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Fri May 14, 2004
Spin, Loose, or Draw?
While most attention is focusing on the prisoner abuse scandal in Iraq, Pete revists some of the broader issues of the war.
By Pete Olson
Wilmington NC – [Click the Listen button to hear Pete's commentary.]
The nice thing about coming from a military background, rather than politics, is not only that I can sleep well at night, resting comfortably in the knowledge that my parents were legally married, but that I can immediately spot nonsensical political spin regarding all things military. So since I?m not a politician, I will stand behind our actions in Iraq without trying to rewrite history such that our operation becomes a quest to liberate the Iraqi people from tyranny.
Let?s be honest - we went in because we KNEW some Al Qaeda leadership was in Baghdad, and we THOUGHT Iraq still held chemical and biological weapons.
Trying to reinvent the mission by donning the mantle of liberator was a huge mistake, for it places us in a situation far more difficult and dangerous than if we had simply admitted that we started a war based on erroneous intelligence, and needed to finish it quickly. We now want the Iraqis to hand us what amounts to total victory without doing what is militarily required to achieve that victory.
War, for all its sophisticated high-tech gadgetry, is remarkably similar to a bar fight. You can?t declare ?end of game? and tell your opponent when he?s had enough - he just may surprise you. You pound away on him until HE tells you that he?s had enough.
Apparently, Iraq hasn?t had enough.
I fear that our problem goes far beyond ?politics as usual,? however. This isn't a new problem, and I cannot accept that it?s simply a defective gene that keeps the Bush family presidents from finishing wars. That doesn?t explain Korea, Vietnam, or Somalia. That can?t give a hint as to why the media keeps describing 136 troops killed in April as ?heavy casualties.? At Iwo Jima, we saw almost seven-thousand Marines and sailors killed in one month?now THAT is heavy casualties.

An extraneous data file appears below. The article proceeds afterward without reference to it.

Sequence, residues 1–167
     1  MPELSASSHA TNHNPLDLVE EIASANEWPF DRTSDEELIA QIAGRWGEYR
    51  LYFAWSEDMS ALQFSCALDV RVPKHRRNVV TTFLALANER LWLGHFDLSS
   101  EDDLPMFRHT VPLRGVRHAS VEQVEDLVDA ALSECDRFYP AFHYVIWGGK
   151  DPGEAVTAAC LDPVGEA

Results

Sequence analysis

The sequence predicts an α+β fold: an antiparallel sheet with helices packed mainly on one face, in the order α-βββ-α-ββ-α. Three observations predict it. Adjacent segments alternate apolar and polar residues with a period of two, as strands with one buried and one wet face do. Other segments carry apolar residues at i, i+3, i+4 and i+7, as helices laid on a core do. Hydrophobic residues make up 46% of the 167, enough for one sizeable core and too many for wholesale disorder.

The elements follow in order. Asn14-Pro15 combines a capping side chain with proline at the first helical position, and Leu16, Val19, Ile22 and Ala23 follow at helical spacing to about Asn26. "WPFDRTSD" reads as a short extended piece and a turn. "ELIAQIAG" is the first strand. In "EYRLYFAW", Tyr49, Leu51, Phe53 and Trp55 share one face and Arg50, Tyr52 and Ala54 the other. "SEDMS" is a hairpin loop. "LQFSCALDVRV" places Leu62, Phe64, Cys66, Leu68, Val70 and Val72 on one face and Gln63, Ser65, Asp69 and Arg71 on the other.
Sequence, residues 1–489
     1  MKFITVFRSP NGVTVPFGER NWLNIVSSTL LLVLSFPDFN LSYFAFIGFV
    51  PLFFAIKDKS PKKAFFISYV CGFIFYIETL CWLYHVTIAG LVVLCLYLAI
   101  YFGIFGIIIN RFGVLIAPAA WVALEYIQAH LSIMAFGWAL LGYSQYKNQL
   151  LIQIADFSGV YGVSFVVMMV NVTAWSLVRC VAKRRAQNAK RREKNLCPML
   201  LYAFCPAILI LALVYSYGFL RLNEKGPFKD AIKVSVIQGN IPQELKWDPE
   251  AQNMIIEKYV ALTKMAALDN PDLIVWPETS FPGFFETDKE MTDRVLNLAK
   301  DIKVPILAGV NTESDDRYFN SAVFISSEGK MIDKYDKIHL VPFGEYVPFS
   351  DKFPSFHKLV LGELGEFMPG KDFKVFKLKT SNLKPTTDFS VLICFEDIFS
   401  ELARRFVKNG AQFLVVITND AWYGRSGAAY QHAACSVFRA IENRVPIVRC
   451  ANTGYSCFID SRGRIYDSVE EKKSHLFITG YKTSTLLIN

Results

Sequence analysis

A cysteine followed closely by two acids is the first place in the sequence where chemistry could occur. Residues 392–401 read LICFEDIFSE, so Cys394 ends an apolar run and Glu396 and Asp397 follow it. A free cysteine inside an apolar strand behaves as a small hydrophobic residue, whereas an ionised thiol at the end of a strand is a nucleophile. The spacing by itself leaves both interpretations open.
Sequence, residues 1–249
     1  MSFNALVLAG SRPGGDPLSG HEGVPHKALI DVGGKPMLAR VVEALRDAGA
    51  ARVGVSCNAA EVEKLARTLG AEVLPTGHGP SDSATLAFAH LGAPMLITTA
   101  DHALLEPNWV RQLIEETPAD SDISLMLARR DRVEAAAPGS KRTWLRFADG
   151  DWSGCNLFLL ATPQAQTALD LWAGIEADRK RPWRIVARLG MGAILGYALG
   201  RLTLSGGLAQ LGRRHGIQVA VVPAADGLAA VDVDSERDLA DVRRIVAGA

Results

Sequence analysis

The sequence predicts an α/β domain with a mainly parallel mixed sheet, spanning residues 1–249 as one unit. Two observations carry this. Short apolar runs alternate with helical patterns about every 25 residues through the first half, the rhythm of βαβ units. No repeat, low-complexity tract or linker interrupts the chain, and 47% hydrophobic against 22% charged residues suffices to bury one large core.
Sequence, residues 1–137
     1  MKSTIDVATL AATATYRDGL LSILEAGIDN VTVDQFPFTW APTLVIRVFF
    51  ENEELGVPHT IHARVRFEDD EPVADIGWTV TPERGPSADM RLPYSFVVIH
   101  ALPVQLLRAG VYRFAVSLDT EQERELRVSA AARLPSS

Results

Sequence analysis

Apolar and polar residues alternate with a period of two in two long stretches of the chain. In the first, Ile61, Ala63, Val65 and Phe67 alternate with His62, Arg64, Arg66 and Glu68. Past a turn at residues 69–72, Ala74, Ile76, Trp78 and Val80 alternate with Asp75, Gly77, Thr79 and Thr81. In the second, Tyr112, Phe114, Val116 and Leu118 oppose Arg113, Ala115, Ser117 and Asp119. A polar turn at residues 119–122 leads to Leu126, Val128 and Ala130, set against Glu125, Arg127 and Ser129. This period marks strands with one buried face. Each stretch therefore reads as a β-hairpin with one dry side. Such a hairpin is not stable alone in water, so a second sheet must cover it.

Reviewing our history since World War II, a frightening picture emerges. We have become the paper tiger that the Chinese accused us of being in 1950. Oh, we?re not afraid of war.....we?re afraid to win. We are unwilling to kill an enemy, and destroy his will to fight, the basic requirements for victory.
We Americans want a very neat, sanitary war in small doses. We want it won in two days by aircraft dropping smart bombs from twenty-five thousand feet??and we?d appreciate some video of that on the evening news, thank you.
Show a military funeral, with a mother burying her only son, however, and we change the channel. Lose a small handful of troops to a roadside bomb, and the networks are breaking in to tell us of the horrible casualties.
If William Tecumseh Sherman were alive today, his quote would have to be ?War is heck,? because to paraphrase Colonel Jessup in ?A Few Good Men,? we can?t handle the truth.
What is truly frightening is that this attitude is so common on Main Street that it reaches all the way to Pennsylvania Avenue. What does it tell the world, when a commander in chief is unwilling to take the steps needed to emerge clearly victorious, with OUR strategic interests preserved?
For a month we surrounded Fallujah, rattled our sabers, and threatened doom and destruction if the insurgents did not surrender and turn in their weapons. When they were foolish enough to tangle with us, we slaughtered them by the hundreds and lost very few Marines. Today however, the streets of Fallujah are patrolled by the very people we were fighting. We have dropped our demand that the insurgents give up their weapons. The Iraqis are celebrating and dancing in the street.
Meanwhile, we hear rumbling coming from senior military commanders, about not being allowed to do their job - the ridiculous comparisons to Vietnam are becoming less ridiculous every day. How long will we TALK about going in to take out Moqtada al-Sadr?.or will we simply ?negotiate,? and walk away from him, too?
We just can?t bring ourselves to do what must be done - we just can?t stomach the killing.
What we fail to realize is that the unfinished messes we ?politically spin? our way out of remain headaches for decades to come. Korea is still a problem after fifty years. Vietnam nearly ripped this country apart and is still at the root for the great distrust of government we see. I don?t even have to mention the premature and incomplete end to Desert Storm, because we?re seeing its results every day.
Douglas MacArthur said it best; ?In war, there is no substitute for victory.
The general would be truly shocked to find out that victory just isn?t important to America any more.
Political spin and pretending the problem isn?t there seem to be popular substitutes.
Pete Olson is a retired Marine who lives and works in New Hanover County.